The computer services provider, Wipro Ltd reported a 10% sequential increase in revenues of its global IT services and BPO business. Volumes of the organic IT services business grew by 7.7%, in line with Infosys Technologies Ltd and slightly lower than that of Tata Consultancy Services (8.2%). The revenue growth was higher than its peers, partly because of the integration of Infocrossing (in September) and to a large extent due to forex fluctuations. The net impact of the fluctuations was a contribution of Rs18 crore to revenue and profit last quarter, compared with a hit of Rs57 crore in the June quarter. Adjusted for the forex impact and the contribution from Infocrossing, revenue growth was lower at 6.6% in rupee terms.
Similarly, adjusted earnings before interest and tax rose just 1.9% quarter-on-quarter, implying a hit of over 100 basis points on margins. (Wipro includes gains from forex hedging in revenues and profit, based on its belief that it’s an integral part of its performance. By that measure, margins have improved by 90 basis points for the organic business.) Wipro gave its IT services employees wage hikes effective August, which hit margins by 160 basis points. This was partly offset by an improvement in pricing, higher utilization and an increase in the proportion of inexperienced (and hence lower cost) employees. As much as 80% of the net additions last quarter were freshers. Employee utilization increased by more than 400 basis points in the IT services business and by 500 basis points in the BPO division.
Analysts see little improvement possible from the utilization rate of 79.3% achieved in the IT services business. After all, much of this came from a sharp drop in employee addition. Net employee adds (excluding Infocrossing) last quarter were just 3,537, lower than last year’s levels by one-third.
But this doesn’t necessarily mean that the outlook for demand is bleak. Wipro expects organic IT services and BPO business to grow 7% in dollar terms in the December quarter. Not only is this target high by Wipro’s standards, it must also be noted that October-December is normally a lean quarter owing to a high number of holidays in the Western markets.
The key highlight of last quarter’s results was that average billing rates improved, after remaining flat for the previous five quarters. Blended offshore and onsite rates rose by 1.9% quarter on quarter, which came as a welcome relief for analysts, since Wipro’s peers have reported an improvement in realizations for some time now.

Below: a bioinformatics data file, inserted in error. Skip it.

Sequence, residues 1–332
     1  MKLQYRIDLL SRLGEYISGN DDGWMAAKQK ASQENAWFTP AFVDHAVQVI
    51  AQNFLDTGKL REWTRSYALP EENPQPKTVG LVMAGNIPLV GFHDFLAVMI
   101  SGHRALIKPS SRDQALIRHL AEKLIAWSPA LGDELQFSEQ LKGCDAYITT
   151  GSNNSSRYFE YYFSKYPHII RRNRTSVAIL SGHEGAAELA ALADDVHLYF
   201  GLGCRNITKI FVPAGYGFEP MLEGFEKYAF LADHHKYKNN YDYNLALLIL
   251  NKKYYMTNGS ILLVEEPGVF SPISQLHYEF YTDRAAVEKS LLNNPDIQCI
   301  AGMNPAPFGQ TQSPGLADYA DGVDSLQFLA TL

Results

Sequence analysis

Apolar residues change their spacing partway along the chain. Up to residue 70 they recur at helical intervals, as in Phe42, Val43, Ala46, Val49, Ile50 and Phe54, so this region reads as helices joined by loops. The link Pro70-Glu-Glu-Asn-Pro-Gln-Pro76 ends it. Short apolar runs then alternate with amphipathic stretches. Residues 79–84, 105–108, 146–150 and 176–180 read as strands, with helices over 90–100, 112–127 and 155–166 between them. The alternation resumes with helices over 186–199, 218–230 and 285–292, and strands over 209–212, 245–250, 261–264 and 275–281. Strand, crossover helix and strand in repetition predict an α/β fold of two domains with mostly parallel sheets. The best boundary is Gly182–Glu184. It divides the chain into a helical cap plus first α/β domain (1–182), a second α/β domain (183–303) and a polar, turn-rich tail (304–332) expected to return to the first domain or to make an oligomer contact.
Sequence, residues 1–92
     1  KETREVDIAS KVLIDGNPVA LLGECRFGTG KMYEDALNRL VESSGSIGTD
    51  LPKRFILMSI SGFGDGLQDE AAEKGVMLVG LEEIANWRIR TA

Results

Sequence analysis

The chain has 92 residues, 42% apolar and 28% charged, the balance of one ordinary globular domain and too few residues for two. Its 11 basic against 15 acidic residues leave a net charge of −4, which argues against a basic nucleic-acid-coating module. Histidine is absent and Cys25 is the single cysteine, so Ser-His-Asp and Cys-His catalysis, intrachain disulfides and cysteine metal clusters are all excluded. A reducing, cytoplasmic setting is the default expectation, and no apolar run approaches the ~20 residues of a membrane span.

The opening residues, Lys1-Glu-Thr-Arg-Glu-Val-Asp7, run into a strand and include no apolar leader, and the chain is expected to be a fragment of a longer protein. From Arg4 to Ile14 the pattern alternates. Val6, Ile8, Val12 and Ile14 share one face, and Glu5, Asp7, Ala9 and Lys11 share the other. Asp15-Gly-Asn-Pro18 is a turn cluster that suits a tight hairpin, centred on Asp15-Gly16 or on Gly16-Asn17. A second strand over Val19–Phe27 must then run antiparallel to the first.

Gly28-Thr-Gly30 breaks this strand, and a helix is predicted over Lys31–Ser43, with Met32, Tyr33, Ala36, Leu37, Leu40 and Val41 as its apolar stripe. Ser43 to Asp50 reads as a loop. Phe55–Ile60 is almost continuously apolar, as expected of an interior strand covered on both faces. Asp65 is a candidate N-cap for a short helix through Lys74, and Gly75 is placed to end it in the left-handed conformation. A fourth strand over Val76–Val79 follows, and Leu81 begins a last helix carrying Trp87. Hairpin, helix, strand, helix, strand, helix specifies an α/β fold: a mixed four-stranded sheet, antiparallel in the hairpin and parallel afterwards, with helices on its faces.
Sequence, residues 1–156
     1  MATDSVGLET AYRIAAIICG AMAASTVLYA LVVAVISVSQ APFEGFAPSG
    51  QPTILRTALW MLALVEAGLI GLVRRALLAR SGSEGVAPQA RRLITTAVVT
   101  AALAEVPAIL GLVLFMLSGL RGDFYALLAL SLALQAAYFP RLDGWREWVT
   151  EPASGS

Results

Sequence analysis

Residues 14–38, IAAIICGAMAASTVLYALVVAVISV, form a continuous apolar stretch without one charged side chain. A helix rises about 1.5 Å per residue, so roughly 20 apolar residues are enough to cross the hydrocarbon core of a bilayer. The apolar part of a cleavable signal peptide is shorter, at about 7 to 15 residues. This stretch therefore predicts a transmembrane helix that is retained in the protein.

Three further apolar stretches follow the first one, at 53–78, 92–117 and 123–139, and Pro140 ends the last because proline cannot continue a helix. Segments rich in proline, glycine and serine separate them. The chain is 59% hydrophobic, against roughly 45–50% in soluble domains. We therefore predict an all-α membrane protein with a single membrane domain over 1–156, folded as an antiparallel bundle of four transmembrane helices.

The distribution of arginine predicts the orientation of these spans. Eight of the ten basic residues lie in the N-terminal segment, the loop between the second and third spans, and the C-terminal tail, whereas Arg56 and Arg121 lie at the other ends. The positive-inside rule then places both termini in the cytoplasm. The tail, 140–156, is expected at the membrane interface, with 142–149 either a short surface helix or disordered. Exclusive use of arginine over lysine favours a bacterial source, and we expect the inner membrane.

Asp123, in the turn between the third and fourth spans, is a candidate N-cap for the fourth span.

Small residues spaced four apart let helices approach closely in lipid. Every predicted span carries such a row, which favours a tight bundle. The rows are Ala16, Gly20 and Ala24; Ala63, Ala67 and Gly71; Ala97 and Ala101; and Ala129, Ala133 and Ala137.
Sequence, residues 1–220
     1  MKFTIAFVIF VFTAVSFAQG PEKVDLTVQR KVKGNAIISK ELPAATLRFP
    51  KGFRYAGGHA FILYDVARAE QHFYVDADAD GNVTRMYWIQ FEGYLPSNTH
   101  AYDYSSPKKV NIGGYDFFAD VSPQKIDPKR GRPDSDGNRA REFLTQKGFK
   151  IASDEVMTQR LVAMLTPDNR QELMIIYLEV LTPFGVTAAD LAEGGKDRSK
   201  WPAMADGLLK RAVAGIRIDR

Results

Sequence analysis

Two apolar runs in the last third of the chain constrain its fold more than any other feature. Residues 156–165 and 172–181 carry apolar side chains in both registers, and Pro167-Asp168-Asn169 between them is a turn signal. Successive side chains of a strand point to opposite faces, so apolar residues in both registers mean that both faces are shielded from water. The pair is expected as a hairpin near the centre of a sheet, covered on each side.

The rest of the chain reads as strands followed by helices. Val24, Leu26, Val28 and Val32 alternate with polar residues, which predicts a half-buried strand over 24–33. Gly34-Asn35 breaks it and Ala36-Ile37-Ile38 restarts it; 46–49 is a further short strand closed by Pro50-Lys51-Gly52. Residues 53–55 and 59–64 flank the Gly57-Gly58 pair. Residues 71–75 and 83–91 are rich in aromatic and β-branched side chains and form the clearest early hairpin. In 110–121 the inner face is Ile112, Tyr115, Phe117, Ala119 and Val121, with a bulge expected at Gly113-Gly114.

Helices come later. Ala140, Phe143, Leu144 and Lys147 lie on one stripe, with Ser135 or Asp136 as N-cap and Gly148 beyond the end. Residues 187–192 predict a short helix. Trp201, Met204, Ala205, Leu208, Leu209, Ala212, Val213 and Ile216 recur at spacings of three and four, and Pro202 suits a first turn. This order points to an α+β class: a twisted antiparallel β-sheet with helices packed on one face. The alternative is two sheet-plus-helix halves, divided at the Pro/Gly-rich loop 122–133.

Wipro’s year-on-year performance demonstrates that the company is still playing catch-up. Earnings have grown just 9.1% on a year-on-year basis. (Both Infosys and Tata Consultancy Services Ltd grew earnings by around 20% on a y-o-y basis.) The consolation is that growth was slightly better than that recorded in the June quarter (5.7%).
But despite much lower y-o-y growth than its peers, Wipro shares trade at the same trailing valuations as TCS (23 times) and have almost tracked Infosys’ share price movement this year.
The profit after tax for the September quarter of Rs 1,003 crore reported ICICI Bank Ltd easily beat the street. At the operating level, profits were up 38% to Rs1,887 crore. The bank was expected to do well in the September quarter, since the impact of the large amount of capital raised last June was fully felt during the quarter.
And yet, operating profit growth at 38% has been lower than the 58% growth notched up during the June quarter. The more tepid rate of growth wasn’t on account of net interest margin—interest expended as a percentage of interest earned was 76.2% last quarter, compared with 78% for the half-year. It wasn’t on account of non-interest income (other than treasury income) either—this was up 43% year-on-year in the second quarter, compared with a growth rate of 39% in the first quarter.
Operating expenses too were contained. Lower treasury income was the spoiler, falling by 27% year-on-year during the quarter, compared with a substantial growth in the June quarter.
Growth in advances was at 33% during the quarter, lower than the rate of growth in the first quarter, but well above the growth rate for the sector. The proportion of low-cost current and savings deposits is increasing, especially with the acquisition of Sangli Bank.
Retail lending took a breather and the proportion of retail loans to the bank’s total advances went down to 63%, from 64% at the end of June. International branches now account for 17.9% of total lending, against 16.4% in June.
Each of the subsidiary businesses—ICICI Prudential Life Insurance Co. Ltd, ICICI Lombard General Insurance Co. Ltd and ICICI Asset Management Co.—considerably extended their franchise.
The problem is that asset quality continues to deteriorate, with the bank’s net non-performing assets at 1.4% of total customer assets at the end of September, up from 1.3% at end-June and 0.98% at end-March. This was despite a sharp rise in provisions. But with the economy continuing to do well and having already raised substantial resources, there’s no reason why ICICI Bank will not be able to leverage its relationships and balance sheet size to aggressively lend to the corporate sector. That should be the bank’s next growth driver.
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